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Carrington College Blog

Don’t Like Being Sick? Then Get Your Flu Shot!

December 3, 2015

We know getting a shot isn’t on your top five…or ten…or 100 favorite list of things to do. But if one itty bitty shot can keep you from getting the flu all winter why wouldn’t you get one!

Flu shot

Minerva Studio/Shutterstock

According to the Centers for Disease Control, most people should get the flu shot each year, and if you haven’t gotten it yet this year you should.

Who Should Get a Flu Shot?

Pretty much anyone who can read this. It’s recommended everyone over 6 months old should get a flu shot…every season.

It’s extra important some groups get vaccinated.

We’re talking about:

  • Kids 6 months through 5 years old
  • People over 50
  • People with chronic pulmonary (like asthma), cardiovascular (except hypertension), renal, hepatic, neurologic, hematologic or metabolic disorders
  • People whose immune systems don’t work as well as they should (including immunosuppression caused by medications or by HIV)
  • Women who are pregnant or will be during flu season
  • People 6 months to 18 years old getting long-term aspirin therapy
  • People who live in nursing homes or other chronic care facilities
  • People who are morbidly obese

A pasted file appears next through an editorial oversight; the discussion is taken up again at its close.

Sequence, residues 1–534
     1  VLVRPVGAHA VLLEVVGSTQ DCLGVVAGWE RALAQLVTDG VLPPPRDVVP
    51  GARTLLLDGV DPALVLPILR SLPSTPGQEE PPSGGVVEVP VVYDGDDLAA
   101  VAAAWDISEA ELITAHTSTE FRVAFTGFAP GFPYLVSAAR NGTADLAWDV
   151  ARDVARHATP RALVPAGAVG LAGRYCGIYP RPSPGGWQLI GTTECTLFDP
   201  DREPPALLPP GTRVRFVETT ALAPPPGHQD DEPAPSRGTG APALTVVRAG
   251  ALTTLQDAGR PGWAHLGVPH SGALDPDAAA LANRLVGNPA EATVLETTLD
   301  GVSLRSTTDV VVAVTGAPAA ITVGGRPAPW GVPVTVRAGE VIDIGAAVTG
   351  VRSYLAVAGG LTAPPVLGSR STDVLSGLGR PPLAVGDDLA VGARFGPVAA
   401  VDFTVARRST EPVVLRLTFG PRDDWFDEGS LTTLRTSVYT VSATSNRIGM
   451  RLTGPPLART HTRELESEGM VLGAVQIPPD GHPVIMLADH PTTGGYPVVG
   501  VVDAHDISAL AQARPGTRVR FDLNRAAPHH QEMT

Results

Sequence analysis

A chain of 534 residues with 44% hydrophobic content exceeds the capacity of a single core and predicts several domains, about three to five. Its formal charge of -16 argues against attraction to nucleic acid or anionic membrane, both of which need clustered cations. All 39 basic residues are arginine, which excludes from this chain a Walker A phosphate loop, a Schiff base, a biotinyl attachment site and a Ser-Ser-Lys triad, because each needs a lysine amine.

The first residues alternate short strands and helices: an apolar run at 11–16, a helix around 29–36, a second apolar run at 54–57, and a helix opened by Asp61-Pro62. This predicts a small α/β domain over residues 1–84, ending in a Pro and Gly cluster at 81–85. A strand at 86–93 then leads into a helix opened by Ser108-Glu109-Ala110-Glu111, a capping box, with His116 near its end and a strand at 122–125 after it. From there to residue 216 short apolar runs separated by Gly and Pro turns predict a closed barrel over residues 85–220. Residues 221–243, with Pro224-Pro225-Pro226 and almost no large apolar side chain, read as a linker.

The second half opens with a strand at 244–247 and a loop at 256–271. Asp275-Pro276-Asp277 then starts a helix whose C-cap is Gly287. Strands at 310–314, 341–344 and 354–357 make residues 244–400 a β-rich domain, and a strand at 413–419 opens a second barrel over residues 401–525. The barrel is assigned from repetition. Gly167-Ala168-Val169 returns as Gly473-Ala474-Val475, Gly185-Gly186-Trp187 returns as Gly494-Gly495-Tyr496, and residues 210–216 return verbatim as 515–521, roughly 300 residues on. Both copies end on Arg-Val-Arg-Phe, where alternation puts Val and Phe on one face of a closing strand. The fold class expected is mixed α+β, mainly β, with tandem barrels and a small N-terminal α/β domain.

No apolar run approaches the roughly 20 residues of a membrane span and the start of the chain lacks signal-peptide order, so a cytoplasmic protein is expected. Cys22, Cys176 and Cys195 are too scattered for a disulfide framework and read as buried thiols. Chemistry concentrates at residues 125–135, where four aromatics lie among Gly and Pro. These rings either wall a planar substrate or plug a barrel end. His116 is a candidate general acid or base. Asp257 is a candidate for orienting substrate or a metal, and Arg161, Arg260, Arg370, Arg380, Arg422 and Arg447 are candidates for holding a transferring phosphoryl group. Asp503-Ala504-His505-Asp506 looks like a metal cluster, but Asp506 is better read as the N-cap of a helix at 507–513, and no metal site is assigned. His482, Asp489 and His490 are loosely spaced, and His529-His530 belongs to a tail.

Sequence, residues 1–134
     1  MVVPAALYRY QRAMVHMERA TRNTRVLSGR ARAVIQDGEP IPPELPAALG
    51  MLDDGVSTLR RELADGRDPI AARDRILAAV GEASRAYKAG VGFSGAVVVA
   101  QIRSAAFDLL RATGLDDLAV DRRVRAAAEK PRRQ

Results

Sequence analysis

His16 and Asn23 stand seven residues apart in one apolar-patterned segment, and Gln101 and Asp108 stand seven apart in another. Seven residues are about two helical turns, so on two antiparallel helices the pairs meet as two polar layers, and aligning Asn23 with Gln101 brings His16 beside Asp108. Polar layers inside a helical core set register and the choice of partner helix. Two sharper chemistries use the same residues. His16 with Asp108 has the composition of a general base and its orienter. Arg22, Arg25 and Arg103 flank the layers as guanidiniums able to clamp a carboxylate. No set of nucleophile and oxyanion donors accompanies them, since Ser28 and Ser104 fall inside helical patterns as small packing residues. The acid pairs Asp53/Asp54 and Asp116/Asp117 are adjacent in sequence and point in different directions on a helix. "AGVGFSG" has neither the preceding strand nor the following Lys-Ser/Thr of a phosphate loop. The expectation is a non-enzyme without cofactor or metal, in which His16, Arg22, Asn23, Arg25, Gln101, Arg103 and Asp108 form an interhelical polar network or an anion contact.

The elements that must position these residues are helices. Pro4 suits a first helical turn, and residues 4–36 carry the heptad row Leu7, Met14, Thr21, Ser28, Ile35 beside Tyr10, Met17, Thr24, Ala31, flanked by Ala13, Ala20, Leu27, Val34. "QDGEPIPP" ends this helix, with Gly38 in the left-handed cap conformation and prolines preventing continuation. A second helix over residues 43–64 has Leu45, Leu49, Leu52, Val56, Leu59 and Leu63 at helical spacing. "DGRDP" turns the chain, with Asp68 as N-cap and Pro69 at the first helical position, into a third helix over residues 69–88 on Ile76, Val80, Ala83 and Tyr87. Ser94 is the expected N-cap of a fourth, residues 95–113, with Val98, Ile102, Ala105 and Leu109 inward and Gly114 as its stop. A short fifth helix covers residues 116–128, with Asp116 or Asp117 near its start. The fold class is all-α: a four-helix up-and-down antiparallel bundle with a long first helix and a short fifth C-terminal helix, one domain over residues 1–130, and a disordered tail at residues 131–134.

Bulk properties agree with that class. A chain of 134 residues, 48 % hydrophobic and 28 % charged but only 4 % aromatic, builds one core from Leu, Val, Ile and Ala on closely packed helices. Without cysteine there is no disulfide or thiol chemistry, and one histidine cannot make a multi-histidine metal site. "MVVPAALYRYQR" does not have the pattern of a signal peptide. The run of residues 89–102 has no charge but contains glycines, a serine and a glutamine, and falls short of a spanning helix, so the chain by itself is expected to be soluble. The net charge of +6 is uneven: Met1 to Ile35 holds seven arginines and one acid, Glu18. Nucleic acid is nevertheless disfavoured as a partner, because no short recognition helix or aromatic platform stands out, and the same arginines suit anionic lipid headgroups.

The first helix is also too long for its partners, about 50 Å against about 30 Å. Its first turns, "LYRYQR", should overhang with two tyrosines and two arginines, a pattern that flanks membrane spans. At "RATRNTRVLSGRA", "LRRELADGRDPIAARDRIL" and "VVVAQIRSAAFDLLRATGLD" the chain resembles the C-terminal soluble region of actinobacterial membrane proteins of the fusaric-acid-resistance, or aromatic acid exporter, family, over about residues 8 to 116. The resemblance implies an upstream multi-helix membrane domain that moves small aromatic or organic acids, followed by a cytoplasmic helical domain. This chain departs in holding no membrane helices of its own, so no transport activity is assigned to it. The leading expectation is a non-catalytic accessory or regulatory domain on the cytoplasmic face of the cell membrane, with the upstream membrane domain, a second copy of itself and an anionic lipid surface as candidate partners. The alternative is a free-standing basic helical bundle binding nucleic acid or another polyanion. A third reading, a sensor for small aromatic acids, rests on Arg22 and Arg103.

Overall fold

• Health care workers
  • People who live in a house with kids under five or adults over 50

Can I Get the Flu From the Shot?

NO. The flu shot doesn’t have the active flu virus in it, so there’s no way you’ll get sick from getting the shot. The flu shot can cause side effects that might seem like the flu, but they’ll be much less severe than getting the flu bug.

If you feel like you have the flu after you got the flu shot either:

  • You were exposed to the flu before getting your shot or in the two week period it takes for the shot to protect you.
  • You caught something that seems like the flu (but really isn’t).
  • You were one of the not so lucky ones to get the flu strain not included in the vaccine…which stinks. Flu vaccines are made to protect against the main flu viruses researchers say will be the most common each year. Unfortunately there’s no way to know for sure which flu viruses will be floating around this year, so there’s no guarantee the shot will cover all of them.
  • You’re one of the rare people who get the flu even though you’ve been vaccinated. You didn’t get it BEACAUSE of the vaccine, you got it even though you got the shot…which also stinks.

I Hate Needles!

Credit: Javier Brosch/Shutterstock

Credit: Javier Brosch/Shutterstock

Don’t we all? The good news is you can get the flu shot without actually getting a shot. There’s a nasal spray version approved for people between 2 and 49 years old. You shouldn’t get the nasal spray vaccine if you’re pregnant and if you have certain medical conditions such as asthma you might want to think about getting the shot…sorry.

No matter how you choose to get it, you should make sure you’re vaccinated against the flu this year. What are you waiting for?





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